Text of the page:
Removed from their ocean breezes and tropical temperatures, cold gusts of wind and rain whipped through the air as 12 Latin America grain buyers inspected SDCGA president Mark Gross’s cornfield on the south edge of Bridgewater Monday morning. Why would they bother standing in the cold rain to tour South Dakota crops? Because their countries simply can’t produce the grains necessary in order to meet demands and it’s their job to find healthy and affordable supplies.
Commodity purchasers from Colombia, Ecuador, Panama, Peru and Venezuela were a part of a United States Grains Council trade team who are in the midst of touring crop fields and other agriculture facilities in South Dakota, Missouri and Louisiana. The buyers brought an onslaught of questions on farm management decisions, grain moisture content, sales and most importantly, the quality of the crop being harvested.
“Last year’s drought damaged much more than our crops. It hurt our export market opportunities with the rising corn prices and lower quality kernels,” said SDCUC vice-president Mark Gross. “Rebuilding these relationships firsthand with buyers is key to winning back their trust and access to growing markets.”
While it may not be the cure-all, nothing improves relationships with buyers like a record corn crop, which has been predicted by the USDA and several market experts.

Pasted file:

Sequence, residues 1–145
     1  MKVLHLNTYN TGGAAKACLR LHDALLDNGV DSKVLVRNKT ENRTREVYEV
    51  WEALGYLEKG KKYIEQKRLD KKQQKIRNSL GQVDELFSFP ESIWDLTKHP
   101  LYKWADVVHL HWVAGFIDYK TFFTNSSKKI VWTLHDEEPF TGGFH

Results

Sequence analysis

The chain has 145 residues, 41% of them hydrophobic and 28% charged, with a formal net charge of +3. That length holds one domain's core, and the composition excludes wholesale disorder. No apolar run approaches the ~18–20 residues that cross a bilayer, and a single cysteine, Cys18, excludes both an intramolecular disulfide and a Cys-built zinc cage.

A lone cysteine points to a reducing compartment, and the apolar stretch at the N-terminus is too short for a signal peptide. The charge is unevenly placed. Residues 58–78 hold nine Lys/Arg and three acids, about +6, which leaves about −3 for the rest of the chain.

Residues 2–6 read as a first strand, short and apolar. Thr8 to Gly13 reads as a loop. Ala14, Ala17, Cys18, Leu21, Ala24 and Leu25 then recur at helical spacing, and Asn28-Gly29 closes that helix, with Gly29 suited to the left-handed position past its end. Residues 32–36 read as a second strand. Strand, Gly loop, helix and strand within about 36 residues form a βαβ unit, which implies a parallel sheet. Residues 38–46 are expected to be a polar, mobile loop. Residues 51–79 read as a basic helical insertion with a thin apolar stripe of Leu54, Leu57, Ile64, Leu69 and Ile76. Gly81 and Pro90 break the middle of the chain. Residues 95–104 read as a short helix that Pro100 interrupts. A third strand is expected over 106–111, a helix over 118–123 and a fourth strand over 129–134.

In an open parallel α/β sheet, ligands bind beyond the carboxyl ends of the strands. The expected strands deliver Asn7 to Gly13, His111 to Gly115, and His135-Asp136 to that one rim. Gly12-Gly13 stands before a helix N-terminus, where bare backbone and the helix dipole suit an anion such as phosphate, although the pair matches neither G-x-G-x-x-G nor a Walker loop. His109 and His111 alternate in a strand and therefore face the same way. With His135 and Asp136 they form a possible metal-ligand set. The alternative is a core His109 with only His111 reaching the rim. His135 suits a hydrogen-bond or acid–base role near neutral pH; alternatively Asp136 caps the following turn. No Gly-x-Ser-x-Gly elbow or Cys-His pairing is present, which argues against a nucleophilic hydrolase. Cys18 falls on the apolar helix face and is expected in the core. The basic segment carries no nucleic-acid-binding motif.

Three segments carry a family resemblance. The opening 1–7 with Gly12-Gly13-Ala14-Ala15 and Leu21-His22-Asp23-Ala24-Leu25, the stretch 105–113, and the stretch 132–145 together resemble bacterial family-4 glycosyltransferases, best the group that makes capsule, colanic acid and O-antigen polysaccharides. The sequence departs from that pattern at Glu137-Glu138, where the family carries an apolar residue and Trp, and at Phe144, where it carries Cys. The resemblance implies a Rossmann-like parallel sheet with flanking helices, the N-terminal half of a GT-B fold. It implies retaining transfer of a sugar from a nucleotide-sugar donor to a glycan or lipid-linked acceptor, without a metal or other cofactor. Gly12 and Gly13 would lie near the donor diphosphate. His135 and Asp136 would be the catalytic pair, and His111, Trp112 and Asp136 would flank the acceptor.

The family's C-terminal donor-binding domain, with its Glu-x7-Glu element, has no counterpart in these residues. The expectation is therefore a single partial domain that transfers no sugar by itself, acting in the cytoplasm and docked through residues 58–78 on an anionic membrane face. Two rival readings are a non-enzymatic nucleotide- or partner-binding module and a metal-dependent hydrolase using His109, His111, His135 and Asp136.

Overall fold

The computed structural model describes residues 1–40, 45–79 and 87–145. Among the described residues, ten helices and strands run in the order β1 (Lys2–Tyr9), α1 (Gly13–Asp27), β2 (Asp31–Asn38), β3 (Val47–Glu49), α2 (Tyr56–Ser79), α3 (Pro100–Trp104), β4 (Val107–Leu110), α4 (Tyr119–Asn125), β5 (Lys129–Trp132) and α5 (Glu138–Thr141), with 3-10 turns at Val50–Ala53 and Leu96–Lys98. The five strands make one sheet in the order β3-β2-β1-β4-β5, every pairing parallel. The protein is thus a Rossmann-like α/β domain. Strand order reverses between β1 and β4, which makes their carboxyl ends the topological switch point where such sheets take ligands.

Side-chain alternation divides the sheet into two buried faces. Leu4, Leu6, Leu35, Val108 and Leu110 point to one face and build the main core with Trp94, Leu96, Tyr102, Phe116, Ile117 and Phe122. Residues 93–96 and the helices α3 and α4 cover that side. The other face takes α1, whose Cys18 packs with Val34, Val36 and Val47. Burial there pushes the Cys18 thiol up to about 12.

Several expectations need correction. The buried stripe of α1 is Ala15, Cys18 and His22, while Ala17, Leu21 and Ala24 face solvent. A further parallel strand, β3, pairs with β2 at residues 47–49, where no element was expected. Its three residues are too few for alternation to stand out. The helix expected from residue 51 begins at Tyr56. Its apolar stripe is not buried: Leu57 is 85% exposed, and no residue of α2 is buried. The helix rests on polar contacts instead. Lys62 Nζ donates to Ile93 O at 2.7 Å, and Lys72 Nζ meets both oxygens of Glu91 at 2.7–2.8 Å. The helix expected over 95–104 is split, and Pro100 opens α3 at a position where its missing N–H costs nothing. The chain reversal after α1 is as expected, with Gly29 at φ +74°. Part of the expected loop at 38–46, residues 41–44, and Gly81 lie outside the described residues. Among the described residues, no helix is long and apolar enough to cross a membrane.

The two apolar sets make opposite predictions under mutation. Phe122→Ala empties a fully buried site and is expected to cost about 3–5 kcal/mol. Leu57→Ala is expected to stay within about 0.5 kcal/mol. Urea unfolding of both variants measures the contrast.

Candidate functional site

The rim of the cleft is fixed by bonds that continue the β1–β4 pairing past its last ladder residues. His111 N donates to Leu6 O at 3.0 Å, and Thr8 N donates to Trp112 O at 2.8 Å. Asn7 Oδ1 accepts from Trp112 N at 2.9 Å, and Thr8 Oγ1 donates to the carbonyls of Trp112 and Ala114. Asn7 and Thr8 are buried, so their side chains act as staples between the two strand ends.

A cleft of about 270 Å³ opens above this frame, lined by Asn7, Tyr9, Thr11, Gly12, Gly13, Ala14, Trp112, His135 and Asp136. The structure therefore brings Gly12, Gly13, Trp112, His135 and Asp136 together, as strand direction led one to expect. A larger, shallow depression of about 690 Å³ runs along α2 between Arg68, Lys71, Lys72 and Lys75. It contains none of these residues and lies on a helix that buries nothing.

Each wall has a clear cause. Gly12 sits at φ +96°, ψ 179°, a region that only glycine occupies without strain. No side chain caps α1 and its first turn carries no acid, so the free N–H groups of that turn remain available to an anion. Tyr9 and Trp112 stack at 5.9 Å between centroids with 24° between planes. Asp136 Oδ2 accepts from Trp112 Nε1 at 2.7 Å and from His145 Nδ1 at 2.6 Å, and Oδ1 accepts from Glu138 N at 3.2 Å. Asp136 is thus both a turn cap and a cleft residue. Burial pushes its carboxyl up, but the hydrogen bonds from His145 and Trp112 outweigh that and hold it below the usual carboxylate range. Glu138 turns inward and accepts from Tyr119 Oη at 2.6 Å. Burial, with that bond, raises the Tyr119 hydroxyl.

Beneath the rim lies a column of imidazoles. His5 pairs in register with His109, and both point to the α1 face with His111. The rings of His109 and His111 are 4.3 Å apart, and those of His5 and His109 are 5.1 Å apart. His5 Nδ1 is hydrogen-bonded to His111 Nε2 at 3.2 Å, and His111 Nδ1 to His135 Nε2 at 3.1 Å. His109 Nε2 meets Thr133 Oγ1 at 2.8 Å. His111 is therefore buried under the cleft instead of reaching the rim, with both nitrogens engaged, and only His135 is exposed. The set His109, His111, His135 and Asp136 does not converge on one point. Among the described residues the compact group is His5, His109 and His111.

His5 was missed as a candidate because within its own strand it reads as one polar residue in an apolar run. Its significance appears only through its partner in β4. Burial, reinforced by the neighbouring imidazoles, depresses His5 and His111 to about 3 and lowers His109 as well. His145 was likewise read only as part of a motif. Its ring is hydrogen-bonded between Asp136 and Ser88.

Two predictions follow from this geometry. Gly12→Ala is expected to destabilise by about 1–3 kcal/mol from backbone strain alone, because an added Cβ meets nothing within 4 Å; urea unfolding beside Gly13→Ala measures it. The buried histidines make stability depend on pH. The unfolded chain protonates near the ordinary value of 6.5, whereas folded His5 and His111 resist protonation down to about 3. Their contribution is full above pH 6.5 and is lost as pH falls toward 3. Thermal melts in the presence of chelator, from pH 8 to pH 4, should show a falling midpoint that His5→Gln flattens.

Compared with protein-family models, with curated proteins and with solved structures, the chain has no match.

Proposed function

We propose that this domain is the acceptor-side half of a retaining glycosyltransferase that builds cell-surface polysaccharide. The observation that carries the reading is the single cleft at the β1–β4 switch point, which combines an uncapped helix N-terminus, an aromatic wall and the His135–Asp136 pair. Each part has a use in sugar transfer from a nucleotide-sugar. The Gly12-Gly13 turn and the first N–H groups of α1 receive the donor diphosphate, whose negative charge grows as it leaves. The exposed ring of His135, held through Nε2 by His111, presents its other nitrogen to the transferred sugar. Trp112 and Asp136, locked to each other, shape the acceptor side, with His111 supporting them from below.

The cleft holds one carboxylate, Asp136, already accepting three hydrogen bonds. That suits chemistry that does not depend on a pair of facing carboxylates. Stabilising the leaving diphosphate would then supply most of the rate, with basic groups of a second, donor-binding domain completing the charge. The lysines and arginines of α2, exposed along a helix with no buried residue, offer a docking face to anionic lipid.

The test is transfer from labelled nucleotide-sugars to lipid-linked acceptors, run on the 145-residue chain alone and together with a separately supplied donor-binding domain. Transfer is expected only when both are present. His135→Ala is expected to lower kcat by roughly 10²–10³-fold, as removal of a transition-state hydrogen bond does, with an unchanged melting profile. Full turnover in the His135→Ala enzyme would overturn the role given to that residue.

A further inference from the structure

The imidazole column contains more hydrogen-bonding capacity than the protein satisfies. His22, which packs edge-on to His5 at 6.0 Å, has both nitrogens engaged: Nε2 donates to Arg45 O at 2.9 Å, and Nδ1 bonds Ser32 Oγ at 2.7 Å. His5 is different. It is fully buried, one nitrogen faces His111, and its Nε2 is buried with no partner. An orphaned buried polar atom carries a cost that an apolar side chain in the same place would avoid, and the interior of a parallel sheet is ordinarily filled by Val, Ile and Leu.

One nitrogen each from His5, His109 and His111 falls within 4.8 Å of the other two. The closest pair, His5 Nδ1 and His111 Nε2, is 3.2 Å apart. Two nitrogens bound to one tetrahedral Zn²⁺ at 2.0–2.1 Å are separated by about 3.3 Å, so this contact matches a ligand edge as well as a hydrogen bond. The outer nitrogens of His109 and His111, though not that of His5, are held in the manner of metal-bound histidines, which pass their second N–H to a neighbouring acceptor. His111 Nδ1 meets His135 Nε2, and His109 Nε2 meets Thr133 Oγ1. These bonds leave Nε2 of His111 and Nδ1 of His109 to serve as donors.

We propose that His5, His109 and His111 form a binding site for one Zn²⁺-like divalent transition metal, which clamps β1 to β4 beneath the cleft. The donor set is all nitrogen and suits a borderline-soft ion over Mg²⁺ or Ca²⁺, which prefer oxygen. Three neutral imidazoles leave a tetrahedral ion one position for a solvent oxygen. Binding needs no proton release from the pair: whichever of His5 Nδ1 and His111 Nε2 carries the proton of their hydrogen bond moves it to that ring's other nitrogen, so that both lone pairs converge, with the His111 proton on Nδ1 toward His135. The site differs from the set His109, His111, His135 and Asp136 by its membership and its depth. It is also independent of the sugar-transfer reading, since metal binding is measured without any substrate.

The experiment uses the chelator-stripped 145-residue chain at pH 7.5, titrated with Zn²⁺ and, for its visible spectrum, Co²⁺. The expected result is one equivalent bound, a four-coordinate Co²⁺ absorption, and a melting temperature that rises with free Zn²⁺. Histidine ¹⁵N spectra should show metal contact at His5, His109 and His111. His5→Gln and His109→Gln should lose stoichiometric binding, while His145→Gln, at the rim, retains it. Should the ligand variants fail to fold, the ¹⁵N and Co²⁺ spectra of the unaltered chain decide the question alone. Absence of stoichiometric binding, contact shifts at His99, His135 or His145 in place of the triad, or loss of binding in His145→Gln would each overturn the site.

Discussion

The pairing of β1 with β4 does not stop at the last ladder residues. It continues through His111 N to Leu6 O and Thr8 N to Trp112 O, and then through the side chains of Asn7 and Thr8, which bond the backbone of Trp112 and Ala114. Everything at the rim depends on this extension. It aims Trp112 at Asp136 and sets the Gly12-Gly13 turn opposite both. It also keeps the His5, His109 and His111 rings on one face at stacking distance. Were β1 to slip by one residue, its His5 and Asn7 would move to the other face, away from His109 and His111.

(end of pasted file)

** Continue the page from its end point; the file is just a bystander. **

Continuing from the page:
“We depend a lot on raw materials from the United States,” said Rafael Colmenares, a buyer from Venezuela, which traditionally has been a leading importer of U.S. corn. “Unfortunately, our country continues to produce less corn so we will need to continue purchasing more from the United States.”
While there is competition in the global market for grains, trade team visitors noted that due to advances in the American export system, they can recieve shipments of grains nearly three times faster than from Argentina, another major exporter.
“America continues to produce the most affordable food in the world because of our investments in infrastructure, technology and continued improvements in efficiency,” added Gross. “So it’s disparaging when critics claim that farmers aren’t feeding the world, as if it were some false slogan. The need is real and we are continuing to increase our yields in order to meet all demands, including those in Latin America countries and others across the globe.”